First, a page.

Following opening remarks from Dr. Cuong Pham, director of the Center for Injury Policy and Prevention Research (CIPPR) at Hanoi University of Public Health, Dr. Li kicked off the training with a presentation on the principles of injury prevention before Dr. Paichadze held sessions on the risk factors for trauma and injuries, and data sources for trauma and injuries.

On the workshop’s second day, participants were engaged in group exercises to analyze sample injury data using statistical methods introduced by Dr. Li on day one. Each group made presentation on their work and received feedback from Dr. Li.

After the workshop Dr. Paichadze led a seminar on Information and communications technology (ICT) approaches for capacity building in public health.

JHU-Hanoi-TRIP spawned from a five-year grant on injury training in Vietnam from the Fogarty International Center of the National Institutes of Health (NIH). The grant builds on existing collaboration between the Johns Hopkins Bloomberg School of Public Health and HUPH and addresses global injury barriers through a collaborative training program. The program’s overall goal is to strengthen research capacity on injury and trauma in Vietnam, as well as its long-term health, economic, and societal consequences through an innovative model of sustainable capacity development.

To learn more about the program and grant, please click here.

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Instructors and participants join together for a picture at the conclusion of the workshop in Hanoi, Vietnam.

On May 14, 2018, the Johns Hopkins International Injury Research Unit (JH-IIRU) hosted a panel of trauma and emergency care experts at the Johns Hopkins Bloomberg School of Public Health as part of its ongoing 10th anniversary year. The event, “Trauma and Emergency Care across the Lifespan,” featured multidisciplinary trauma experts JH-IIRU associate director Amber Mehmood and senior technical advisor Junaid Razzak, as well as Safe Kids Worldwide founder Dr. Martin Eichelberger.

JH-IIRU director Adnan A. Hyder welcomed participants—watching both in-person and via a streaming webcast—to the event before deputy director Abdul M. Bachani introduced each panelist and facilitated discussion at the conclusion of each presentation.

Razzak led off the series of speakers with a presentation on emergency care in Pakistan. In his talk, he outlined the definition of an emergency care system and focused on Karachi, Pakistan—the third-largest city in the world.

Mehmood followed with a talk on trauma care in low-income countries and shared a case study on traumatic brain injury (TBI) across the lifespan in Uganda. She shared new results from a collaborative effort with JH-IIRU and Makerere University: a third of all patients presenting with TBI suffered a drop in the Glasgow Coma Scale (GCS), a critical indicator, during emergency department stay. This finding, Mehmood remarked, should lead to improved assessment and interventions.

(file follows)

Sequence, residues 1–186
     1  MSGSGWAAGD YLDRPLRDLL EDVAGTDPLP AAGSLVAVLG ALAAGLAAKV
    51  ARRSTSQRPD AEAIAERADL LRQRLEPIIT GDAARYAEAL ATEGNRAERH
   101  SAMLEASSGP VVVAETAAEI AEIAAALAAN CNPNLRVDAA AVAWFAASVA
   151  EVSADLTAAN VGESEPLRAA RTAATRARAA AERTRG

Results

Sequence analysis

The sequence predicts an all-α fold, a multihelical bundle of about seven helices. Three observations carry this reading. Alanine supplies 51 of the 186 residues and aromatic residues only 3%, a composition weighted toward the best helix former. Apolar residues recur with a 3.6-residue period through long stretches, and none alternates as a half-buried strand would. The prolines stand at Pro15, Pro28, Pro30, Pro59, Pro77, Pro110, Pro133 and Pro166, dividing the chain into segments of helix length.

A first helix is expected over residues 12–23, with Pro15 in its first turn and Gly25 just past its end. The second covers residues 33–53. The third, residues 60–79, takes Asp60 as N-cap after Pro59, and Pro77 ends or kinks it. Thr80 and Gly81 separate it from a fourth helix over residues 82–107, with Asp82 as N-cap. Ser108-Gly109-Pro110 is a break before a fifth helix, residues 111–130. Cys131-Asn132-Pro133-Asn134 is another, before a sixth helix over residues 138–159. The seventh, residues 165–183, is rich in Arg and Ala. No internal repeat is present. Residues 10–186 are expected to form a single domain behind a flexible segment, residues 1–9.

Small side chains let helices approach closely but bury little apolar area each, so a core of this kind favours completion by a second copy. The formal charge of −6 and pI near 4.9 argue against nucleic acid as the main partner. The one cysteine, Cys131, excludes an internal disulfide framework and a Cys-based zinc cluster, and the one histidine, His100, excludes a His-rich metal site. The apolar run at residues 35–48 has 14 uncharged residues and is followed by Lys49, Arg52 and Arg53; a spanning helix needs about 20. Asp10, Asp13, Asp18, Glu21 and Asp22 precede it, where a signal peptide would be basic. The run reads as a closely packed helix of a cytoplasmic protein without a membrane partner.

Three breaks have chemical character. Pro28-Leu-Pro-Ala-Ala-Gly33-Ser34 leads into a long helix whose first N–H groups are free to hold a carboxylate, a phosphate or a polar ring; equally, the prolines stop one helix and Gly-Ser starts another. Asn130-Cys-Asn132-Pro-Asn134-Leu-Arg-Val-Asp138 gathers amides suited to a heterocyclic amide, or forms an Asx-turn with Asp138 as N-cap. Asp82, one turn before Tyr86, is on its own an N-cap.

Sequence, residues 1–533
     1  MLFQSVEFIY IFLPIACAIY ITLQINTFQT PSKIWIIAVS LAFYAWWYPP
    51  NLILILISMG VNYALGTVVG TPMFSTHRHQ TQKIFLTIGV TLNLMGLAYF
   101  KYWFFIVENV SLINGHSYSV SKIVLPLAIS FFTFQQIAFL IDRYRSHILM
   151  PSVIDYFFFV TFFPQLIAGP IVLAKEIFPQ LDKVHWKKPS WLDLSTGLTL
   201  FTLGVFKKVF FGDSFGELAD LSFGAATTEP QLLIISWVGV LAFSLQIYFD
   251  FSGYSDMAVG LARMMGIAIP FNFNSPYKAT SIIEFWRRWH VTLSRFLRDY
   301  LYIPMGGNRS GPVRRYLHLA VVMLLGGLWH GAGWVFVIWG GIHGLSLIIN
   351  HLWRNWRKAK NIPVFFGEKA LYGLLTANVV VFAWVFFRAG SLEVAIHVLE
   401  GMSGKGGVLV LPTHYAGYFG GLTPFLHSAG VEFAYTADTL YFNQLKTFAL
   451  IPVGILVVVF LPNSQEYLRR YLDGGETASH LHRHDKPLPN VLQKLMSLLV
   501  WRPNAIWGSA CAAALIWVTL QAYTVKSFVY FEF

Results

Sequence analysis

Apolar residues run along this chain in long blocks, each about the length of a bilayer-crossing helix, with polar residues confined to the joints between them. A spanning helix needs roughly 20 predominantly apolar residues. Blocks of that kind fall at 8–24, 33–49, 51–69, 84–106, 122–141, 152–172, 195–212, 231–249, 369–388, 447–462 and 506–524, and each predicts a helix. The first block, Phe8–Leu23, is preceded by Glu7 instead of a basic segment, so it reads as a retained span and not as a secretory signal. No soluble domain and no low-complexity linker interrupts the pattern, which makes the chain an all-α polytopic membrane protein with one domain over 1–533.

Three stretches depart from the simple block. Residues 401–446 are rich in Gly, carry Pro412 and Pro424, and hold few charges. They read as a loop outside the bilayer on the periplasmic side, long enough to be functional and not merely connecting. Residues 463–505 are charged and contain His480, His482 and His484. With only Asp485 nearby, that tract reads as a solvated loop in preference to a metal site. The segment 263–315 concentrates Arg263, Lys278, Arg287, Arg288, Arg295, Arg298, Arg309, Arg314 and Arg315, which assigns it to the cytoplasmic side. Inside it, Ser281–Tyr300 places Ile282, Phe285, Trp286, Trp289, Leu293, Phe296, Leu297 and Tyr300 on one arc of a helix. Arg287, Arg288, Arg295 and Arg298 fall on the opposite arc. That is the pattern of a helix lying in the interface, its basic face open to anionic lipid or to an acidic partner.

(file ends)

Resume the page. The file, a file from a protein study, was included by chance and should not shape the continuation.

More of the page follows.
Dr. Eichelberger, in the final presentation of the event, discussed pediatric trauma. From his work at Children’s National Medical Center and Safe Kids Worldwide, Dr. Eichelberger shared childhood injury statistics both domestically and globally.

In 2018, the Johns Hopkins International Injury Research Unit is celebrating its first decade of innovation and research in global injury prevention and control. To honor the anniversary, JH-IIRU is hosting a number of special events throughout the year. To learn more about the Unit and its 10th anniversary, please click here.

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Dr. Martin Eichelberger presents on pediatric trauma during JH-IIRU’s 10th anniversary event, “Trauma and Emergency Care across the Lifespan,” at the Johns Hopkins Bloomberg School of Public Health on May 14, 2018.

On January 15-16, 2018, the Johns Hopkins International Injury Research Unit (JH-IIRU) organized its second workshop in Hanoi, Vietnam as part of the Johns Hopkins University-Hanoi School of Public Health Trauma and Injury Research Program (JHU-Hanoi-TRIP).

The workshop, which was held in collaboration with Hanoi University of Public Health, offered more than a dozen public health graduate students and junior researchers the opportunity to develop research capacity in analyzing injury data in order to address the burden of injuries in Vietnam.

“We’re so pleased to see yet another successful workshop here in Hanoi,” said Qingfeng Li, PhD, project Co-Investigator and assistant scientist with JH-IIRU. “Last June, we organized our first workshop and sought to provide a basic knowledge of injury prevention and data collection. Now, through our second workshop, we’ve gone further with advanced discussions, data analysis, and presentations. Our ultimate aim is to strengthen the center of excellence for research on trauma and injuries for Hanoi.”

Director of the Injury Policy and Prevention Research (CIPPR) of Hanoi University of Public Health Dr. Cuong Pham co-facilitated the two-day workshops with Li. Johns Hopkins Bloomberg School of Public Health Master of Public Health student Dr. Hal Inada helped deliver the workshop as part of his MPH practicum experience..

Through post-workshop evaluations, participants highly rated the sessions, noting the lectures and group work as substantially improving their knowledge in injury prevention and enhancing their skills in injury data analysis.

The workshops are the result of a five-year grant on injury training in Vietnam from the Fogarty International Center of the National Institutes of Health that would build on existing work between the JH-IIRU in the Department of International Health at Johns Hopkins Bloomberg School of Public Health and Hanoi School of Public Health. The grant aims to address public health barriers such as the absence of comprehensive injury prevention training programs and relevant national data.

A third workshop is planned to be held later in 2018.

To learn more about the NIH Grant on Injury Training in Vietnam, please click here.

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JH-IIRU Assistant Scientist Qingfeng Li, PhD, poses with workshop participants.